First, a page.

Although many younger campers were eager to get their hands dirty and learn by doing (even when this involved making ‘ant restaurants’ that combined a variety of sticky, creamy, and crunchy foods), older campers exhibited a limited interest in engaging with these activities early in the program. However, by the end of the summer, young and older campers alike were enthusiastic about trying new things, interacting with the natural world, and engaging with content that they were initially apprehensive about. Additional impacts resulting from this experience involved promoting science education and science-based careers to young women, as well as teaching young learners how to overcome their fears and insecurities during their pursuit of knowledge and growth.

two kids huggingThe 4-H Bugs program further served as an environment where students were able to develop a sense of community and teamwork. One student found a cicada exoskeleton at camp and brought his new ‘friend’ to 4-H Bugs program sessions over multiple weeks. His peers encouraged his newfound interest in entomology and together the group made a habitat for the exoskeleton and created paper ‘food’ for the exoskeleton to enjoy. The students applied what they had learned about insect diets and life cycles as they interacted with the exoskeleton, who was named Steven.

All students expressed increased interest in engaging with insects as the weeks progressed. The last session of the program involved creating habitats for live mealworms, which went home with students inside plastic water bottles filled with leaves, sticks, banana peels, and sheep grain for the worms to eat. The students were each allotted one mealworm each. However, as the worms were purchased in packs of 12, there were extra worms at the end of the session.

Almost all of the students asked for a second or even a third worm to add to their habitat and talked about their plans for feeding and caring for their insect as they moved on to their next camp session.

Cultivating positive interactions with peers and the natural world has a profound impact on how young students view their world and their future. The 4-H Bugs program was successful in providing such an experience to participants through experiential learning. Students benefited from an in-person learning modality after an extended period of time where their primary educational interactions took place in a virtual environment as a result of the COVID-19 pandemic. This program is reflective of UConn Extension’s commitment to improving the lives of residents and stakeholders through quality educational programming.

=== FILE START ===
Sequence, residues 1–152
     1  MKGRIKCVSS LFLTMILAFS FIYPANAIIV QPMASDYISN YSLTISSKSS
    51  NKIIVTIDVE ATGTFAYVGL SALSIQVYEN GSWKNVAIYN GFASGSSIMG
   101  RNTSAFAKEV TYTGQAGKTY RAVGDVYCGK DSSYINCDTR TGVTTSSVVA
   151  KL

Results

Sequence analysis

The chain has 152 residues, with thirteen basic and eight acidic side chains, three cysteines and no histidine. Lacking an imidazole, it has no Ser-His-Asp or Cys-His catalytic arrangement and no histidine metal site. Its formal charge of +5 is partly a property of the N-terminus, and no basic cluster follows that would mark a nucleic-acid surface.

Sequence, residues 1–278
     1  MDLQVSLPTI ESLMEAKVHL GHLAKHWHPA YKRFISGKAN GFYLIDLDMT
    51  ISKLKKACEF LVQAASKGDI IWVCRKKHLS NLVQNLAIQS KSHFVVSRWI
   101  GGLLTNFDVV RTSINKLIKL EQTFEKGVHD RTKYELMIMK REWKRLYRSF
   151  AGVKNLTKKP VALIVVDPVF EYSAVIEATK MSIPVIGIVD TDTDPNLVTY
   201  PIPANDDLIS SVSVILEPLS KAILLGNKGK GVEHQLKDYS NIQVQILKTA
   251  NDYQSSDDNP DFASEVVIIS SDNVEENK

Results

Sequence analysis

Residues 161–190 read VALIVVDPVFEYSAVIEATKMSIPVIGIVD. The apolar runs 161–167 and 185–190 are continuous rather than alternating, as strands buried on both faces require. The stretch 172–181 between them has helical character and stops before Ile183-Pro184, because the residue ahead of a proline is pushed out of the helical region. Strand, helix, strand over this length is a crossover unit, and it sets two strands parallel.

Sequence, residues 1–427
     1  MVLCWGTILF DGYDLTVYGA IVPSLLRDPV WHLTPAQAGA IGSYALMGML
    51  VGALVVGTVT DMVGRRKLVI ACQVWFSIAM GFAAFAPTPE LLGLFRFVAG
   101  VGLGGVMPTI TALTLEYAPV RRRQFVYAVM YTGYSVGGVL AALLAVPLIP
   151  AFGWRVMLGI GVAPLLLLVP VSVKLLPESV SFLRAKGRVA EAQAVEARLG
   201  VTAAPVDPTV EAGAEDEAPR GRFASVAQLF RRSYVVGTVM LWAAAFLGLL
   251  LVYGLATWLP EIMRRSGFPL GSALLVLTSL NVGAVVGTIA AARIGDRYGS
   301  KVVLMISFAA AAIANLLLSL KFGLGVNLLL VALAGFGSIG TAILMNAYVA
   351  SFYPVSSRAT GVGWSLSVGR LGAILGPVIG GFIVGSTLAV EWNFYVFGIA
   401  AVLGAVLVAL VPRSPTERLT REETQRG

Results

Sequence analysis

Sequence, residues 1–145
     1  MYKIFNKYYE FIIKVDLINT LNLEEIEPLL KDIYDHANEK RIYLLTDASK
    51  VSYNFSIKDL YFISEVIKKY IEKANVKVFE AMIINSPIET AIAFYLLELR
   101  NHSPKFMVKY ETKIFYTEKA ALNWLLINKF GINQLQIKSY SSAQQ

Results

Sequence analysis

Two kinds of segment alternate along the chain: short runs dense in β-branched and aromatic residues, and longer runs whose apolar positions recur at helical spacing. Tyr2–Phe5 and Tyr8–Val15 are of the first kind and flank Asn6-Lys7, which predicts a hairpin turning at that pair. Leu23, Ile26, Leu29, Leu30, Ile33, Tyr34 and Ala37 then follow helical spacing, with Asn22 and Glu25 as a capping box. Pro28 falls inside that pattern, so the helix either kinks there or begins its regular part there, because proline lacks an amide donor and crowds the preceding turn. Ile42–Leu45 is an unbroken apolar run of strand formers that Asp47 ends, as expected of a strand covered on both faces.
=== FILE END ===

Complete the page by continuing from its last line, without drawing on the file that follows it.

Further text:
Faces of Extension: Bill Davenport

Bill DavenportBill Davenport quote

Meet Bill Davenport, our UConn 4-H Litchfield County Educator. “After growing up as an active UConn 4-H member, my ultimate career goal was to become a UConn 4-H Educator so I could help provide 4-H youth with the life-changing experiences, skills and friendships I received from my own 4-H experience. I am thrilled to finally reach my goal of being the Litchfield County UConn 4-H Educator!”

What is a 4-H Escape, and how can I sign up? – #AskUConnExtension

This week, we put the #AskUConnExtension Showcase spotlight on “4-H Escape,” a UConn 4-H program connecting and teaching students and campers across CT.
To learn more and start your escape room journey, check out 4-h-escape.extension.uconn.edu
blue and green boxes with 4-H escape image and kids in the background
Text: This summer, stay connected with 4-H and try your luck at one of their online escape rooms! UConn 4-H is excited to offer “4-H Escape,” a library of virtual escape rooms and puzzles for families and students to enjoy.
blue, white and green boxes with text and image of Marc
Text: Escape rooms were first introduced to the program at the Middlesex County 4-H in 2019. Since then, the COVID-19 pandemic has made virtual escape room opportunities an extremely important activity for the program, with demand skyrocketing. Marc Cournoyer, a member of the 4-H team, says: “These activities help youth build skills in creative thinking, problem solving and retention of key concepts through the use of gamification. Kids are learning through play.”
boxes with text, 4-h escape images and laptop background
Text: Escape rooms are not only educational, but they are extremely fun skill-building exercises. Currently, 4-H Escape offers escape rooms in different subjects, such as “The Secret Clover Quest,” “Life on the Farm,” and “Under the Sea.” These activities are available to the public, and are just waiting to be solved!